Gynecomastia Surgery Recap

On March 20th of this year I underwent my final post-massive weight loss surgery. The surgery corrected excess tissue in my chest, a condition medically referred to as Gynecomastia. This complemented the prior two surgeries, a circumferential lower body lift performed in March of 2013 and dual bilateral thighplasties (recap links part 1 and part 2 here), and marks the end of my surgical excursions.

I’ll start this post off with two things that I’ve wanted to get off my chest (pun intended!):

  1. No, I don’t have any sensation in my nipples. When I’ve described the surgery to friends and family this has been the first question they’ve asked, and no, it doesn’t bother me in the least. The surgery basically removes them and destroys the nerve bundle, but if you’re a lady reading this, fear not: there are other techniques that surgeons have for you all that preserve sensation.
  2. No, I’m not going to post a “before” picture like I did in the other two surgeries. I posted before pictures with the other two procedures but of all the features of “fat” me that I disliked, the one I hated most was having tits. So, you’ll just have to use your imagination as I leave my tits in the past. The picture in the Wiki article isn’t far off the mark. Think deflated C-cup and you’re in the right ballpark.

As with the prior two surgeries my wife and I drove down the night before to be closer to the surgical center for an early 6am start time. Pre-surgical markings and evaluations were performed the morning of surgery with a consult a few weeks beforehand. You can imagine each pectoral as a sort of conical, deflated breast with nipples that were about 50 mm (2 inches) in diameter apiece. After being sedated and prepped, each breast is liposuctioned, and then the excess skin is trimmed away from the underside of each breast in kind of a long curve tracing along the bottom side of the pec almost fully to the armpit. The nipples are removed and trimmed down to about half their original size (about an inch each) and grafted back on after the chest is sewn back up (actually glued on the top layer with Dermabond, a flexible superglue) with a single French drain exiting near either armpit. The nipples are then grafted back on in the original orientation in the new smaller size. Bolsters are attached to keep them on (basically a kind of plastic gauze bandage to keep the grafts in place). Surgery takes about four hours and you’re under for about six total, home the same day, back in a week for drain/bolster removal and evaluation.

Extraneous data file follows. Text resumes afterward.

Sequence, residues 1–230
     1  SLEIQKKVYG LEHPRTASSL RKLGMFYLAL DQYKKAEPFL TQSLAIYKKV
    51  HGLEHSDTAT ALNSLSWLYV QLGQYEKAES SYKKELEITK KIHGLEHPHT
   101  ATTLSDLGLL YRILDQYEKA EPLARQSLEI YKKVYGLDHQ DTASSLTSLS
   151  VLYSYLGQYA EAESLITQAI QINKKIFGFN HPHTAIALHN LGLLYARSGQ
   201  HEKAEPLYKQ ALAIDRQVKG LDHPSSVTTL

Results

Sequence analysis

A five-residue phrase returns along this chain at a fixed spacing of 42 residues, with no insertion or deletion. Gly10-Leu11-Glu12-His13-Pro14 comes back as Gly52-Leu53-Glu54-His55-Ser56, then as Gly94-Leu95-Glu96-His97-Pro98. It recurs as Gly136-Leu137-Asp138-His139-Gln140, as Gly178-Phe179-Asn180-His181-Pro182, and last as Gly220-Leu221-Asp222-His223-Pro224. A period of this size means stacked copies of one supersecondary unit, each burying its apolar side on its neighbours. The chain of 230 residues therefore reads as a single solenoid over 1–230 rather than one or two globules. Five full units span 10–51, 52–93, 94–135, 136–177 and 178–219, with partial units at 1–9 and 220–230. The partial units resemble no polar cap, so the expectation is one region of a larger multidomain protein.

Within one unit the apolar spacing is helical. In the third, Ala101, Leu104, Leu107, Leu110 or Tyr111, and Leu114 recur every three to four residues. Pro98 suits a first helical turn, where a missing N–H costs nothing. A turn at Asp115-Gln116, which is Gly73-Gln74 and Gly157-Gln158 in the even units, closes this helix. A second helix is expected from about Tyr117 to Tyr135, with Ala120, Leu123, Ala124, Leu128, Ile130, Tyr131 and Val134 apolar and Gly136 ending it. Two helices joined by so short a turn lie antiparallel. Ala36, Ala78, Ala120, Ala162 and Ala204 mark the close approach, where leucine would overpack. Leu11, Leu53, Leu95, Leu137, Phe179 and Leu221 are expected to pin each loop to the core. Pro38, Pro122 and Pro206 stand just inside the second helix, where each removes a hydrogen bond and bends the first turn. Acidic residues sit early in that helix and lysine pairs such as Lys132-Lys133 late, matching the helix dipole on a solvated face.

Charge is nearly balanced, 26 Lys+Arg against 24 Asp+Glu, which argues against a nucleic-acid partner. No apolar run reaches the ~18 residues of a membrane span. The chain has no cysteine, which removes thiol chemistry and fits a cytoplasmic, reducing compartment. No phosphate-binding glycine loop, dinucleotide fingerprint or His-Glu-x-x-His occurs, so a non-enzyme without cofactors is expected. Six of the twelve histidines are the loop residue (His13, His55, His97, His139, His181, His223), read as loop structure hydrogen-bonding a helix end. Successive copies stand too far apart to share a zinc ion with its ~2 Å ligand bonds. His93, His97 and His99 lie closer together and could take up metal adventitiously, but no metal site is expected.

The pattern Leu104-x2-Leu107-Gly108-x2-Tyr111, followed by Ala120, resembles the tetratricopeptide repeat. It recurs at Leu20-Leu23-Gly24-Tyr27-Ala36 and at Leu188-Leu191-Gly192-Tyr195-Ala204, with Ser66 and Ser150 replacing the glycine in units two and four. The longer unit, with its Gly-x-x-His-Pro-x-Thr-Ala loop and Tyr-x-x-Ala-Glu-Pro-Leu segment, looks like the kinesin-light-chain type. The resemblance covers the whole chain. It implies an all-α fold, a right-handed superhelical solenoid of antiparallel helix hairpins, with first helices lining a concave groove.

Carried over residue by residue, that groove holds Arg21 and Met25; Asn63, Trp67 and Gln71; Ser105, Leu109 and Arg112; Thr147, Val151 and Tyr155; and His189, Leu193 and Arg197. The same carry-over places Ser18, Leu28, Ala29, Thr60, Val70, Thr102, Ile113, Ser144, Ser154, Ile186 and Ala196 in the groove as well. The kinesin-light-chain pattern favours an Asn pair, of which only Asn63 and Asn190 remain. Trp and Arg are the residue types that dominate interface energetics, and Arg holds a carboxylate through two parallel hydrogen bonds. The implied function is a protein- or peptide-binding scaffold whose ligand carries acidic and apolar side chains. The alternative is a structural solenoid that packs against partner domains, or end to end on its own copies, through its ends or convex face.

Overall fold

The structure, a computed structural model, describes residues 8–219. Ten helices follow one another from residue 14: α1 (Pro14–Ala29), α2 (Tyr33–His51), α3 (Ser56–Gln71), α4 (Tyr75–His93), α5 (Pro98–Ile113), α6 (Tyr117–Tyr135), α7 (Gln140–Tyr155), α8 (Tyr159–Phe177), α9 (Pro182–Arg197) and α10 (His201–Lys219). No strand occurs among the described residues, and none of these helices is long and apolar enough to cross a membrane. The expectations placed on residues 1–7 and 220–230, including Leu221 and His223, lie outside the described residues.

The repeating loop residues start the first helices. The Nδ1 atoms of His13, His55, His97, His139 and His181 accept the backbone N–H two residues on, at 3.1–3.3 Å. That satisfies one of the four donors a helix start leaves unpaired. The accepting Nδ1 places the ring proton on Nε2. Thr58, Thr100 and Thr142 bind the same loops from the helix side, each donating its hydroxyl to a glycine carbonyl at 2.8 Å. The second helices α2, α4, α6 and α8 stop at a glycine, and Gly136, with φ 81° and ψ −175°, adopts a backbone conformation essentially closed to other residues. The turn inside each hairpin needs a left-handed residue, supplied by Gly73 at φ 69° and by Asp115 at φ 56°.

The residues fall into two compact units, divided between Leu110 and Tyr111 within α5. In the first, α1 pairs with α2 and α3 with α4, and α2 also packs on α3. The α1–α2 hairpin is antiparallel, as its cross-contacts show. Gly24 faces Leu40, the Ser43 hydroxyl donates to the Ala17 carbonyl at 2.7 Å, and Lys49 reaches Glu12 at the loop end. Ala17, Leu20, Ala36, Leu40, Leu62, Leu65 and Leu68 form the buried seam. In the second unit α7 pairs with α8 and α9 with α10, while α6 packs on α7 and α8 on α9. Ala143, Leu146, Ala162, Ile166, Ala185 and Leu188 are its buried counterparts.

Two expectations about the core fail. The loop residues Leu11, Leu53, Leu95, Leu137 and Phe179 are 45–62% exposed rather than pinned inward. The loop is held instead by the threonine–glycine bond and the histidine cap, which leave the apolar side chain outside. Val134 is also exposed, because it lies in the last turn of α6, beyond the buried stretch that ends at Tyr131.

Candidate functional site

The truly squeamish would do well to skip the following paragraph. The surgery went off without a hitch, the only bummer is that I was kept under about two hours longer than I needed to be due to a complication with surgical prep. Whenever general anesthesia is employed, you’re typically catheterized because, y’know, you’re knocked out cold. This wasn’t an issue in the past two surgeries, but the OR nurse botched cathing me and grazed the urethra in one spot. They kept me under for about two hours extra and called in a urologist to scope me out and make sure that it was just a botched catheter install and not something more serious. Everything was clear but I had to keep a Foley cath in for a week while the scrape healed, which is not a particularly fun thing. Luckily no permanent damage was inflicted and there are zero long-term side effects from the mishap.

Freshly home from surgery, I looked like this… you can see the drain exits and the bolsters pretty clearly:

day of chest surgery

Nine weeks out, I look like this:


Overall not bad. The scars are still fairly obvious, but my six-ish month old thighplasty scars are almost as faded out as my 15-ish month old scars from the circumferential, so I should be able to go shirtless at the beach without getting a bunch of odd looks after another couple months.

As for the post-op, the drains (and catheter) came out a week later and I was only off work for about a week and a half. Pain meds were identical to the last two surgeries and I didn’t have withdrawal as bad as the last two either. I did develop a seroma, or fluid pocket, in my left pec that had to be manually aspirated with a large syringe but only once. Seromas are fairly common with chest surgeries and often take a couple visits to drain completely, but I lucked out and only required one visit.

So yeah, that’s done. A difficult and expensive year of surgeries, but zero regrets.

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